This post and its subsequent parts have been merged into a single post. You should read that instead.
There is only one story in the universe.
Occasionally I'll find a badly told story, which still attempts to convey the message of Christianity. Of such works I've said "you can't blame it for not being the universe", for that is what is required to tell that story well. God is the original storyteller, and he uses every part of the entire universe to tell us this one story, to send us his one message. All other stories are but retellings of small snippets of this very long and very great story.
We call this story the Gospel: the one story in the universe, and the central message of Christianity.
I will attempt to explain this Gospel in this post. I apologize beforehand for it not being the universe.
The Gospel is simple, as it must be if it's the one message that God has for us. I can summarize it in three words: Christ saves sinners. The Gospel is also complicated, as it must be if it's a story told with the whole universe. Fighting, torture, escapes, true love, and miracles all have a part in it. So let me begin by expanding that three word summary ("Christ saves sinners"), starting with the easiest word to understand, "sinners".
By "sinners", I mean people like me. Immortal souls bound in ephemeral constructs of flesh and blood, aware of their physicality yet knowing that they're not just a lump of matter. In our bodies we are bound to the circles of this world, yet we have an inkling of something beyond it, of something more. For we were gifted by the One Father of All - the source of all goodness - with his breath of life. We were made in his image as his children, intended to grow up to become like him. But we - that is to say, I - have abused this very gift, and have deliberately chosen to defy God and disobey his divine laws. That is sin. Its consequence is death.
Why is the consequence so serious? What harm could one small imperfection cause? Catastrophe. In an otherwise perfect system designed for infinite growth, every flaw is fatal, especially in a critical subsystem like morality. God, in his love for us, created us with unlimited potential - to become like God. His laws were decreed to help us develop into that destiny. Sin is the rejection of all that: it's violating his laws, discarding that divine destiny, and becoming alienated from God himself. And because of our unlimited potential, sin also grows without limit. For a rocket with infinite thrust, any error in its heading sends it infinitely far off course. In a boundless forest, a small fire causes an everlasting conflagration. In an organism that grows forever, cancer results in infinitely large tumors. In humans, sin causes endlessly more sin, which is endless separation from God.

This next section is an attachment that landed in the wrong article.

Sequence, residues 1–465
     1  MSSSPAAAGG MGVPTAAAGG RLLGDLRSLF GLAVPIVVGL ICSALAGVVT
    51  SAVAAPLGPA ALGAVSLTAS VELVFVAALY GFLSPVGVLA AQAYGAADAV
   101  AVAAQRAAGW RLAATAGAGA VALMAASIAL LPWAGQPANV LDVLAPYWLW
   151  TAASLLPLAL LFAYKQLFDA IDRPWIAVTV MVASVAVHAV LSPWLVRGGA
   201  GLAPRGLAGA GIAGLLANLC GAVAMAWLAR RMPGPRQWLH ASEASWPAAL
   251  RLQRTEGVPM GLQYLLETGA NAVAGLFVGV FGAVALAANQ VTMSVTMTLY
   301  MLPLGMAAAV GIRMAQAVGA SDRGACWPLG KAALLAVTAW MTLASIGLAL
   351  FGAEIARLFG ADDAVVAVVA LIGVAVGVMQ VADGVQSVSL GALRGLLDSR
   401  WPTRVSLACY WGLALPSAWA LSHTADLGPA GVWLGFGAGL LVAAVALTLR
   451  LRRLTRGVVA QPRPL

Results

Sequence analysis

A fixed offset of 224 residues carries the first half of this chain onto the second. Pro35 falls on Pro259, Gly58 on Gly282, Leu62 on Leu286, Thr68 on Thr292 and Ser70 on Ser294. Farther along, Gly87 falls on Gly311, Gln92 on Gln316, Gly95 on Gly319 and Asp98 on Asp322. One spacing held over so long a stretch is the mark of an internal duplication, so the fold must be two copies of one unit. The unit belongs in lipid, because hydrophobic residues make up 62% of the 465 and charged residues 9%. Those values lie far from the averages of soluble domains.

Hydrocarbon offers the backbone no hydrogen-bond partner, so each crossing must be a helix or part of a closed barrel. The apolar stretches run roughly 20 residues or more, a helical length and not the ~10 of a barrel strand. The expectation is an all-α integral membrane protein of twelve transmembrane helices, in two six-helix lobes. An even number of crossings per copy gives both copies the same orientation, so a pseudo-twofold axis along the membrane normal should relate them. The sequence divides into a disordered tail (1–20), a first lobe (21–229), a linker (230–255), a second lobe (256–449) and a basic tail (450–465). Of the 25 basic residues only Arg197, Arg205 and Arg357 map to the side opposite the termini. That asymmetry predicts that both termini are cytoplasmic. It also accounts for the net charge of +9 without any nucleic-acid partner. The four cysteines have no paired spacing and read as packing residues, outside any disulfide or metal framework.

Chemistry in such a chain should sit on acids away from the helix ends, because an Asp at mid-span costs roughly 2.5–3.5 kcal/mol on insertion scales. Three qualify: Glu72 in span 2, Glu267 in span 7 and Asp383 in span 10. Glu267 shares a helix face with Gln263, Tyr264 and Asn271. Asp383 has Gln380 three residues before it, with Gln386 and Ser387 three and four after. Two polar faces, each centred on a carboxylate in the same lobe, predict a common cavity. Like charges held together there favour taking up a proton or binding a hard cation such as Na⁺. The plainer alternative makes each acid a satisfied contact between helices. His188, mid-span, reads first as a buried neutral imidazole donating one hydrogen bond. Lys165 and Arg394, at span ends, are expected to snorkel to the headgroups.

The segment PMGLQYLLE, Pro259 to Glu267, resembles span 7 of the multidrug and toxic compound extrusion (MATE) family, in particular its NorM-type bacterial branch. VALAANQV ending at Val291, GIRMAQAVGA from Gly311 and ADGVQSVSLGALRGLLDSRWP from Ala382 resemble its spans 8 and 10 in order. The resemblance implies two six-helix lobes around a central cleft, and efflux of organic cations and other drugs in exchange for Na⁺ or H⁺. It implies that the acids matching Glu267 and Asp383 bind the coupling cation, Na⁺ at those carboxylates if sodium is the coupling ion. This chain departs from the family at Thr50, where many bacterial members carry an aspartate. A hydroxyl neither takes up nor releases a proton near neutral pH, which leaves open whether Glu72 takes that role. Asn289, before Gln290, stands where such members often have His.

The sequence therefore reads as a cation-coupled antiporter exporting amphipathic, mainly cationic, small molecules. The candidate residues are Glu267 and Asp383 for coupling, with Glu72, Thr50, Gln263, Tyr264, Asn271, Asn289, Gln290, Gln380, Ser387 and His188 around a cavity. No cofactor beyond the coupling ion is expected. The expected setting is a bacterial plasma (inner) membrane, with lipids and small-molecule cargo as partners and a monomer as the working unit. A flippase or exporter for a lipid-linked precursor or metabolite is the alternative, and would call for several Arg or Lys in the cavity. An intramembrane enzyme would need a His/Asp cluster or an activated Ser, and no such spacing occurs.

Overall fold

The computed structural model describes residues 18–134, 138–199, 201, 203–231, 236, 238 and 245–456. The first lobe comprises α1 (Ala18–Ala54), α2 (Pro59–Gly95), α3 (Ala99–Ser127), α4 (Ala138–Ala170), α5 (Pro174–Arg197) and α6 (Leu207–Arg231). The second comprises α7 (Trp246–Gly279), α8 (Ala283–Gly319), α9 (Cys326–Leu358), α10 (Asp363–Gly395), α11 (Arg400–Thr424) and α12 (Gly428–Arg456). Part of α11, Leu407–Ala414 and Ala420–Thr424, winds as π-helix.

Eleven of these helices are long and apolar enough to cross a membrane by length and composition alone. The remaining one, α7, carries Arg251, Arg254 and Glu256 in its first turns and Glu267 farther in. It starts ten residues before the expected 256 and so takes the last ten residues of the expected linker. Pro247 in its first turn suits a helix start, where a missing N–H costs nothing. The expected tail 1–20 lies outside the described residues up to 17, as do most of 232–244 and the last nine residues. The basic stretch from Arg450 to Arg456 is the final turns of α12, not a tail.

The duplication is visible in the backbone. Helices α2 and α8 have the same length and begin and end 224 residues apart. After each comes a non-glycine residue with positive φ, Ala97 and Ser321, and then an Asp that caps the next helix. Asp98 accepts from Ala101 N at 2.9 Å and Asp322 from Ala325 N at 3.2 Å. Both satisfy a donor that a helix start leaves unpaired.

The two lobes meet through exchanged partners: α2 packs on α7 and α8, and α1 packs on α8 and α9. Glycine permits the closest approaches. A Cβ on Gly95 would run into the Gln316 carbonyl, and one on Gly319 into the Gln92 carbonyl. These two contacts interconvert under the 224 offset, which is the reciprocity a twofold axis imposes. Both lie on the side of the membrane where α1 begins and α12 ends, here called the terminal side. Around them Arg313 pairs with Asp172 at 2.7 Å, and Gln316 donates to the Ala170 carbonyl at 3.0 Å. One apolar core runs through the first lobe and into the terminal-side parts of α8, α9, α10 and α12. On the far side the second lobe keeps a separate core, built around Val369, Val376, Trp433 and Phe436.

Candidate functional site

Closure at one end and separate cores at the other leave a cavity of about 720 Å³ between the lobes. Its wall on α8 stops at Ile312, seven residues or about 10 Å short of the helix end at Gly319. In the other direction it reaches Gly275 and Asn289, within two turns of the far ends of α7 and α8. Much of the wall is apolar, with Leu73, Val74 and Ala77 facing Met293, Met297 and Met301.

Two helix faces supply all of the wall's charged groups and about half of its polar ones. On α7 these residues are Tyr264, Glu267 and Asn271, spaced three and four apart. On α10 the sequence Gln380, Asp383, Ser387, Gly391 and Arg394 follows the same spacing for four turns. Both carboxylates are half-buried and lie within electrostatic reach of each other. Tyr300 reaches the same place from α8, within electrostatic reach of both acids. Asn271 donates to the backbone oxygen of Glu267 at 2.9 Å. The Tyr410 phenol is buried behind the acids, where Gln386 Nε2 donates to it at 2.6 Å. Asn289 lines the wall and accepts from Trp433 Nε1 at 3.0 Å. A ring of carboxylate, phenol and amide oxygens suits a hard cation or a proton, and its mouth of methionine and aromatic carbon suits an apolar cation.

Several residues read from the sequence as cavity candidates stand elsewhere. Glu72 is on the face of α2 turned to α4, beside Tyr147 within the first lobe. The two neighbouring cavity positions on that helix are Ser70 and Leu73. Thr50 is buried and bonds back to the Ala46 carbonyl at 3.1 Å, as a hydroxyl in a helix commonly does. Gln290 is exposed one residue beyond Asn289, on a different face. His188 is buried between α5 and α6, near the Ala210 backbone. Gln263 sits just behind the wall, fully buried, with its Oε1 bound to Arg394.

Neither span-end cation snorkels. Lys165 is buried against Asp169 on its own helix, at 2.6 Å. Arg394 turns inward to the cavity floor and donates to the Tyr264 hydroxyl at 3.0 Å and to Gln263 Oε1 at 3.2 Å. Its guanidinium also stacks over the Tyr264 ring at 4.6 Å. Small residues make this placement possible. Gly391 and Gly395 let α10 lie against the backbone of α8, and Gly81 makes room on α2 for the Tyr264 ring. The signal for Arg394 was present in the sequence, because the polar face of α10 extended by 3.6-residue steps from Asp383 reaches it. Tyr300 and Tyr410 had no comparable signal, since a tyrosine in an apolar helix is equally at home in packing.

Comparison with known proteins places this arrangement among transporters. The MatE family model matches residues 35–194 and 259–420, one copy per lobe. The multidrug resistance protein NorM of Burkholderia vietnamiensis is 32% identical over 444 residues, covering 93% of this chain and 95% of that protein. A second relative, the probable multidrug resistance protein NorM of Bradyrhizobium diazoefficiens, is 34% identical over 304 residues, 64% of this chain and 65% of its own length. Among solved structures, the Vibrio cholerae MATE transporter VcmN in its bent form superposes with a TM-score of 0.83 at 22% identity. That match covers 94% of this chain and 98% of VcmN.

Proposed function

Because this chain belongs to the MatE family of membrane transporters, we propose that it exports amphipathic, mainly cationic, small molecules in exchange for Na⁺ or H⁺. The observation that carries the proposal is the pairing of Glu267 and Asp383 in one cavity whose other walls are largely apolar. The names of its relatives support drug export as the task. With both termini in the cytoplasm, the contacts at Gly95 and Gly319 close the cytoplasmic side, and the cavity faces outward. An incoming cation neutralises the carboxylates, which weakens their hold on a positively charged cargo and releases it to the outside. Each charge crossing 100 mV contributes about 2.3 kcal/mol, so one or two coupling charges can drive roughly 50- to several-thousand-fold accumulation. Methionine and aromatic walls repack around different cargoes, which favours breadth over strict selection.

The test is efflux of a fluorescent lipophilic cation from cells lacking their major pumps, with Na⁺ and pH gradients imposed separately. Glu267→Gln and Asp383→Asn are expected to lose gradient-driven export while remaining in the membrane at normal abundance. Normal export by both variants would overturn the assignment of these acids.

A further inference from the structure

We would not have this problem if we were just rocks, or cows, or even space-faring aliens who are merely fated to rule the stars then perish with the universe. But we are humans, created to be like God. We were the chosen ones. We were supposed to be the pinnacle of creation, not fallen sinners. But precisely because of that greatness, when we fall we fall deep into darkness, deeper into sin, leading to death. Like a debtor who borrows to pay the interest on his debt, like an alcoholic who drinks to deal with his alcoholism, we keep sinning, even in our attempt to do good. Sin begets sin.
Without intervention, we are thereby forever separated from God and therefore from all goodness. Sin infects us and turns us evil. It alienates us from God and makes us into his enemies, the objects of his rightful wrath. But in our folly we have attempted to convince ourselves that it's not that bad, that we're good enough, that we're not really sinners. But this attitude is actually the very symptom of our sinfulness. Sin makes us numb and blinds us to further sin. Consider the people you know. Judge them, if you think yourself qualified. Are not the worst kinds of people convinced that they're good? God is the standard of goodness, and one of the first consequences of falling away from him is that we can no longer rightly discern what is good. Oblivious to our own evil, we blindly stumble from sin into more sin.
We - that is, I - thus find myself in this pit of despair: estranged from God, and therefore also from all good things that might possibly enable me to return to him. Fixed to a doomed trajectory that I am powerless to change. Infected in my moral core with sin's ever growing evil. Even my attempts to be good are tainted with sin, and my righteous deeds are themselves like filthy rags. Who shall save me from this wretched body of death?
The next post of this series will continue from that second word in the three-word summary, "Christ saves sinners".
You may next want to read:
The Gospel: the central message of Christianity (part 2) (Next post of this series)
How physics fits within Christianity (part 2)
Science as evidence for Christianity (Summary and Conclusion)
Another post, from the table of contents